Any decision to axe a high profile programme will provoke debate or even an outcry. On the face of it news the Victoria Derbyshire show is ending seems a routine decision. Ultimately the headline ratings are low and the BBC needs to find savings.
On a good day, the programme gets 200,000 viewers on BBC Two plus – perhaps – another 100,000 – 150,000 on the BBC News Channel. The BBC Two rating is often exceeded by Jeremy Vine on Channel 5 and dwarfed by the numbers watching BBC One or ITV.
Nobody disputes that Victoria Derbyshire is an excellent presenter or that the programme’s original journalism covers topics other BBC News outlets don’t generally look at. In short, the programme can help give a voice to those whose voices can go unheard and that is why some have expressed a very genuine concern about its planned demise.
Yes, axing it is a shame but the BBC needs to save money. As the BBC’s media editor Amol Rajan has noted, the place where the programme connects with the people the BBC can find hard to reach is online.
Given the ratings then you might think axing the show is a no-brainer. The important thing is that the original journalism should continue and get an outlet. BBC Two in the morning was probably the worst possible place in mainstream TV to try to reach those who don’t connect with the BBC generally.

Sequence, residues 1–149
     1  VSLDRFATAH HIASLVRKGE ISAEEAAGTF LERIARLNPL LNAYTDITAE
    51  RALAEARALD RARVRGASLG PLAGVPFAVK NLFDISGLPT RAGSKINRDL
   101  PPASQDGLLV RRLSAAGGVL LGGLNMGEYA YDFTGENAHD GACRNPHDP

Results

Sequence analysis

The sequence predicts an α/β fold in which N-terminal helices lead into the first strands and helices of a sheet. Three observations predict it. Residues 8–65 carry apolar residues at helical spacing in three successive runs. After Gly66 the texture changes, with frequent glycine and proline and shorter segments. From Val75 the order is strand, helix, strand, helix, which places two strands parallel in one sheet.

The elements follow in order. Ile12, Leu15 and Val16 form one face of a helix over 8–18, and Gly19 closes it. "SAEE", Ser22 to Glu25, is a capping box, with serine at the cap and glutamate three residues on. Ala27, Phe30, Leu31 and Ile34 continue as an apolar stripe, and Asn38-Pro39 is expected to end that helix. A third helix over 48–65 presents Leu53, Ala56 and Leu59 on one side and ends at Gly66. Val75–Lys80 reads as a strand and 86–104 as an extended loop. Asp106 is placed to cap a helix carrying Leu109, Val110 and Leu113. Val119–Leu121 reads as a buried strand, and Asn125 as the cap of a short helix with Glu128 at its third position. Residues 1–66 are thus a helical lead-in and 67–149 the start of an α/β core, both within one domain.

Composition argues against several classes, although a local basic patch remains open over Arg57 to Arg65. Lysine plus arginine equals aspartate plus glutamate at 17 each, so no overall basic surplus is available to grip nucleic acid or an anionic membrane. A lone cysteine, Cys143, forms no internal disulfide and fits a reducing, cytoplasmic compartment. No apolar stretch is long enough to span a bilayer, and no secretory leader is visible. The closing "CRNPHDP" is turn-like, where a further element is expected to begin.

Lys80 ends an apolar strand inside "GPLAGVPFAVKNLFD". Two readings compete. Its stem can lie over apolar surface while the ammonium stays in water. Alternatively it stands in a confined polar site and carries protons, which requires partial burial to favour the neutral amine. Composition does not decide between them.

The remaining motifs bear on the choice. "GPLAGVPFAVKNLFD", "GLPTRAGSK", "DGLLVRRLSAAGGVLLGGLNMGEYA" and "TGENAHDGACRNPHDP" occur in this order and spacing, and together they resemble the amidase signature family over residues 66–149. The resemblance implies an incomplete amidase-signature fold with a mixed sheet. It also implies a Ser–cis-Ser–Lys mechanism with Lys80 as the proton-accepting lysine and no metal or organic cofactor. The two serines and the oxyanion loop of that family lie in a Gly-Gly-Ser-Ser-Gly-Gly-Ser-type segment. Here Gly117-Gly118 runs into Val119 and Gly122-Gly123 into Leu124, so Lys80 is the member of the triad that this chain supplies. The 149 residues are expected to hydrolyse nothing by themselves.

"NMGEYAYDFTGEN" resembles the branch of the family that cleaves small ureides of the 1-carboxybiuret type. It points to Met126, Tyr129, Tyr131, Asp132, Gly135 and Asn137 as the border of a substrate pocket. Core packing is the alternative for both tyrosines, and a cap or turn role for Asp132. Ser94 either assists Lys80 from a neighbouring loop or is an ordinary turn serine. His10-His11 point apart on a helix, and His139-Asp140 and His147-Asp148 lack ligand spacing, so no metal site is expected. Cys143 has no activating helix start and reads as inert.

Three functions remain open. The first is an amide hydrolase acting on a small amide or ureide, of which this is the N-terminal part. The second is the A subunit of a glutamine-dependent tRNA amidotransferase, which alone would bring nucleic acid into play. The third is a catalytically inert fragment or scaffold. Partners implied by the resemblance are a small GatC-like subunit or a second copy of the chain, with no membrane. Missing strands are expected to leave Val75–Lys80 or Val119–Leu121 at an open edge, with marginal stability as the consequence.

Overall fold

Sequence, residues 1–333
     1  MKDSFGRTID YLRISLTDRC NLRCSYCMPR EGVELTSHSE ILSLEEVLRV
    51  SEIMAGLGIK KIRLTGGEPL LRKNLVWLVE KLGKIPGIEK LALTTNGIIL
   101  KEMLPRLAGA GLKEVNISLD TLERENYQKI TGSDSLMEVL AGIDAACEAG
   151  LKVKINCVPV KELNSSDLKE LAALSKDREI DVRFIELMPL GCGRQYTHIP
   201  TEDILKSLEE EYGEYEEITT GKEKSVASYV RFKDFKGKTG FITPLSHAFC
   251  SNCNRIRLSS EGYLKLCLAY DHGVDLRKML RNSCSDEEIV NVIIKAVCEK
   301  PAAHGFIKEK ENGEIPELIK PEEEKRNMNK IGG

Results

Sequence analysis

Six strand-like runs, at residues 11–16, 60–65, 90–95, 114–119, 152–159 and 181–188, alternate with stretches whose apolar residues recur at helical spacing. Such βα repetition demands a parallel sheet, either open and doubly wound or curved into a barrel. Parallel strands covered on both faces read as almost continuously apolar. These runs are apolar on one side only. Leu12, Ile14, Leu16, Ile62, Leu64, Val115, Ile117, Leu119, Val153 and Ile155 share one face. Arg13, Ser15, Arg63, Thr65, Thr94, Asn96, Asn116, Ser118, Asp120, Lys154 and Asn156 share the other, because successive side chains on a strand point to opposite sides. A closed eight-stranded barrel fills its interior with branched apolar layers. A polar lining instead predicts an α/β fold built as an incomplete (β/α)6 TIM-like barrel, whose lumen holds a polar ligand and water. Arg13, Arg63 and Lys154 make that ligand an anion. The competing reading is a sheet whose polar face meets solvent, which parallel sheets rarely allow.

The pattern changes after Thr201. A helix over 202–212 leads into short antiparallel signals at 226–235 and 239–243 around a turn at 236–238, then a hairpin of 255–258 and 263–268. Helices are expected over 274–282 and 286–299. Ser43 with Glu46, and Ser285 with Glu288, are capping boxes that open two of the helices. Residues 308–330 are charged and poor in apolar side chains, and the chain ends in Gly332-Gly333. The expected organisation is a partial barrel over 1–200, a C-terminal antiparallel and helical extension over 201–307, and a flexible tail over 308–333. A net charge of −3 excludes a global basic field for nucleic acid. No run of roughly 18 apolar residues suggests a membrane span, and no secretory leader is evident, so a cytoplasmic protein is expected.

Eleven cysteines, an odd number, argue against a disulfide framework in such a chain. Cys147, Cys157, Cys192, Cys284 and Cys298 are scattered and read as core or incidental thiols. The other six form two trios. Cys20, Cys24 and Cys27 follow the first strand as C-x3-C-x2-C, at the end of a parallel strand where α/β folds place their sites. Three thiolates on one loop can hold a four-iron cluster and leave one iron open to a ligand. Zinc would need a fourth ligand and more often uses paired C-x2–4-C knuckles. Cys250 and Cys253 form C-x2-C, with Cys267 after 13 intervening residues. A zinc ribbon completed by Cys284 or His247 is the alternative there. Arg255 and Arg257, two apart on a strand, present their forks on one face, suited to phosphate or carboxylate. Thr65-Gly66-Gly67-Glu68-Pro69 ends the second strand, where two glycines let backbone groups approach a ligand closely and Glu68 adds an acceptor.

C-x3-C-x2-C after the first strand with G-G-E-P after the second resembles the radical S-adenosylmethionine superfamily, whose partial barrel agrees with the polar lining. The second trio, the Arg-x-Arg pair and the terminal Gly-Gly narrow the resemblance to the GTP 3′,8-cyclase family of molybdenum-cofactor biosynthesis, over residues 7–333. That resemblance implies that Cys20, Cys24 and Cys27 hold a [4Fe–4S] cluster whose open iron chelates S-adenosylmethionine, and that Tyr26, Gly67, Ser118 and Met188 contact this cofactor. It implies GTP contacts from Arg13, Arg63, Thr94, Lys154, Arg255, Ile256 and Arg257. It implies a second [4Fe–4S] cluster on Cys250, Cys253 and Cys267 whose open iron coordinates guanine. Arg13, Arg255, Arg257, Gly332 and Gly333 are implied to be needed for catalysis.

Might a way be found to save this show at the expense of something else? A transfer to BBC One with some of the budget met by BBC Daytime springs to mind. BBC One’s morning schedule overall gets slightly more viewers than ITV’s but it can be criticised for a lack of topicality. The whole schedule from 9.15am to 1pm can seem a bit predictable.
Would a transfer to BBC One, even experimentally, have led to the show getting a more sustainable number of viewers – and reaching more of the elusive viewers BBC News finds hard to reach?
Sometimes planned cuts are made public to test the reaction. BBC Radio 6 Music was saved after an outcry. On this occasion, news of the impending axing emerged via a newspaper and caused howls of Westminster protest.
The bad PR it is generating is disproportionate to the audience but the loss of an outlet for unheard stories is a genuine worry. Do not be completely surprised if a way is found to save it, at least partially, even if that results in a casualty elsewhere.
PICTURED: Victoria Derbyshire titles. COPYRIGHT: BBC.